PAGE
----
If climate change has become too much to bear 120,000 years ago, Neanderthals artist who lived in the south of France, is believed to have become so desperate for food that they turned to cannibalism, slaughtering and consuming six of their own, according to a new study, conducted Alban Defleur and Emmanuel Desclaux.
as Journal space reports, scientists remains of six victims of Neanderthals first discovered in 1990 in a cave located near Baume Mulla-Guercy in the Rhone Valley. It was found that the victims belonged to different age groups, with two of Neanderthals were found adults, and the other four teens and younger children.
The bones of six Neanderthals have all shown a very clear and obvious signs of cannibalism, including fingers, which look as if they were hungrily munch on, and the bones, which had numerous cut marks on them, which scientists believe were made by stone tools. In some of these remnants there is also evidence of separation that there is nothing that would occur natural way.
Neanderthals, which were dismantled in the South of France were not only in their plight, and the researchers also found the remains of the other victims of the Neanderthals in various places, scattered throughout Croatia, Belgium and Spain. However, until now scientists have been puzzled as to why so many Neanderthal turned to cannibalism.
As an archaeologist Michelle Langley said, "cannibalism is always a controversial thing, because we can see, it's pretty disgusting."
Rapid warming period of more than 120,000 years ago during the last interglacial, Neanderthal went to the south of France, there are six of their own. https://t.co/SUifq46hEk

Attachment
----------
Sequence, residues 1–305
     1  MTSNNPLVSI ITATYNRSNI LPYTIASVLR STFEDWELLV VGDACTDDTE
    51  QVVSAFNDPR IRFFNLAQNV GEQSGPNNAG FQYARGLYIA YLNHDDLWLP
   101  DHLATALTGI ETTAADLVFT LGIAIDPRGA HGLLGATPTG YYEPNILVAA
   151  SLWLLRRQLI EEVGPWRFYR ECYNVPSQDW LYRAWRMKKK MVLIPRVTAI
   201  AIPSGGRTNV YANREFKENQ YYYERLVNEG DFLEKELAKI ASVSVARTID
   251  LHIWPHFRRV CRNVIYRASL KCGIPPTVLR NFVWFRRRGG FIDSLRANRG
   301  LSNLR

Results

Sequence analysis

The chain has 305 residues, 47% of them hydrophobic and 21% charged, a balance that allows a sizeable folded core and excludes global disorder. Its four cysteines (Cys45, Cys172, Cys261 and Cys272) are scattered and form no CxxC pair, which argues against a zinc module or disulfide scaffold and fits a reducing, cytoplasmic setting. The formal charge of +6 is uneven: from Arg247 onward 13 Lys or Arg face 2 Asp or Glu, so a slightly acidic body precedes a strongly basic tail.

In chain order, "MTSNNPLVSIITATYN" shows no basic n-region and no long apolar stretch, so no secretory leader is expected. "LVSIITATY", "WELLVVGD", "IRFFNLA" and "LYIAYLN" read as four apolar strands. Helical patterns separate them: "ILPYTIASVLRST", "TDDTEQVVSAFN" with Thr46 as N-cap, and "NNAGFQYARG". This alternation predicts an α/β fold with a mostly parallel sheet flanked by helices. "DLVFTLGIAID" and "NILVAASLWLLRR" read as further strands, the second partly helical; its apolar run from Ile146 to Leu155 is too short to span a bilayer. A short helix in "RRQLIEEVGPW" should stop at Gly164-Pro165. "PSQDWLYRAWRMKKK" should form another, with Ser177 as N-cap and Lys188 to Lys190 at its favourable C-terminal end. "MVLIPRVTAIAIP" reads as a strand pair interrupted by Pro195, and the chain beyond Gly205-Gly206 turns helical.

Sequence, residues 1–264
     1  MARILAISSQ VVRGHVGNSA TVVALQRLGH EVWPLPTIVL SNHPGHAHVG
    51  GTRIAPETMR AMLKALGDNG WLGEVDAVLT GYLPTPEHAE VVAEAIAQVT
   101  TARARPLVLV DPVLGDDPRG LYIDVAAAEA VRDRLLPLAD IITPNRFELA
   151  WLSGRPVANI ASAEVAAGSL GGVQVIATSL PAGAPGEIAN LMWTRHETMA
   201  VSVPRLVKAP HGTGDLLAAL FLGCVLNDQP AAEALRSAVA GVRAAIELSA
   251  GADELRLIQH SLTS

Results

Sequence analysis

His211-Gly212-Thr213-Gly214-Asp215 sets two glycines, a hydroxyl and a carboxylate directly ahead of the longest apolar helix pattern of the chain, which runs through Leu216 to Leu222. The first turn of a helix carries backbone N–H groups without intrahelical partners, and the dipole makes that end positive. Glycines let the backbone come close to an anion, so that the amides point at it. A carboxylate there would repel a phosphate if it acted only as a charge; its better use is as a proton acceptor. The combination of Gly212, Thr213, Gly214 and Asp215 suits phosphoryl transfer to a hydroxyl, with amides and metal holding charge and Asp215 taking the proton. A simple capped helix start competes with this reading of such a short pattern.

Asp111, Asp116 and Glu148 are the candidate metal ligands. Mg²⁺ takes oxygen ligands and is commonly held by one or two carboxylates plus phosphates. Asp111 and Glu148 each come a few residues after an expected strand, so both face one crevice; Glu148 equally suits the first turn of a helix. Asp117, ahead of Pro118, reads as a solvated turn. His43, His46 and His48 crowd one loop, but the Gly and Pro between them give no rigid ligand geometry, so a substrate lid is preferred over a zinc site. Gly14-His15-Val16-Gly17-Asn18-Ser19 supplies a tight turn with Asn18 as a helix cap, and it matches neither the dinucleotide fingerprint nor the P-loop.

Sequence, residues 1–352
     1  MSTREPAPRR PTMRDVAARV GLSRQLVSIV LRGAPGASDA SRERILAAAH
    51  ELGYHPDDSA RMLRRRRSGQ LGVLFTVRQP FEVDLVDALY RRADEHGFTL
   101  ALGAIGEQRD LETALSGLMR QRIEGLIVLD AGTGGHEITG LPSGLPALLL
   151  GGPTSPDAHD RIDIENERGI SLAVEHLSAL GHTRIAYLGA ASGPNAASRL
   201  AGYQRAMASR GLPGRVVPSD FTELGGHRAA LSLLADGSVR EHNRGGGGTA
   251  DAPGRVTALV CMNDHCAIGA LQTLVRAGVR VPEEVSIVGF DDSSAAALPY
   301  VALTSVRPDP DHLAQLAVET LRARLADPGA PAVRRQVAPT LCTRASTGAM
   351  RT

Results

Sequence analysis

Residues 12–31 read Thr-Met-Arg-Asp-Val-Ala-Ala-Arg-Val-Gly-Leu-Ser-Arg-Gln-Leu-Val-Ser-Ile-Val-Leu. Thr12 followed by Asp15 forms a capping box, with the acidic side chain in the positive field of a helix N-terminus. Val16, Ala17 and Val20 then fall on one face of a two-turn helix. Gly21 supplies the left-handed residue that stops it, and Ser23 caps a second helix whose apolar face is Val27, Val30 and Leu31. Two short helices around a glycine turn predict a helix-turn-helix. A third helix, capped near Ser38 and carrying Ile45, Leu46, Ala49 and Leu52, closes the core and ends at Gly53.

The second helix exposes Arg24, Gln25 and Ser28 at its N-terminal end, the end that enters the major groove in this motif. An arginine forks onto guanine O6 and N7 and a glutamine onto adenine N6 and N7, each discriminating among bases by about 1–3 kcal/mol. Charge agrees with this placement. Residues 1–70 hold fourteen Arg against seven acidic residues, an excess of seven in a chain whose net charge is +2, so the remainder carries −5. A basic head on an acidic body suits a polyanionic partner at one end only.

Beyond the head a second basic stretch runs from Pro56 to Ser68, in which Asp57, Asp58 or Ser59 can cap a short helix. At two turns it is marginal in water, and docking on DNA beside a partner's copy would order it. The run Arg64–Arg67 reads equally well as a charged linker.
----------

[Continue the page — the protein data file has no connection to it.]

– Space Magazine (@CosmosMagazine) March 29, 2019
Once scientists have dated the cave floor Baume Mulla-Guercy, where six Neanderthal remains were discovered, they established that Neanderthals would have died from 128,000 to 114,000 years ago, that would have been during the last interglacial.
At temperatures much warmer than average, they & # 39 are today, the Rhone valley has changed so much that Neanderthals would have had no large mammals hunted and eaten, but instead were forced to seek rodents, snakes and turtles. And while the Neanderthals were once used to live in pastures, their environment also changed dramatically in the woodland.
As explained Desclaux, this climate change was completely unexpected, and perhaps Neanderthals left very little choice but to turn to cannibalism.
"Climate change from the ice age to the last interglacial was very cool. We're not talking in terms of the geological scale, but more human scale. Maybe, in a few generations, the landscape has changed completely. "
As shown in Langley, "For the first time, they have proper evidence that shows they were in desperate times, and they are doing what they need to do to survive. They did not do anything else to the fact that modern humans could make the situation "in this.
New research suggests that Neanderthals turned to cannibalism as a result of climate change was published in Journal of Archaeological Science.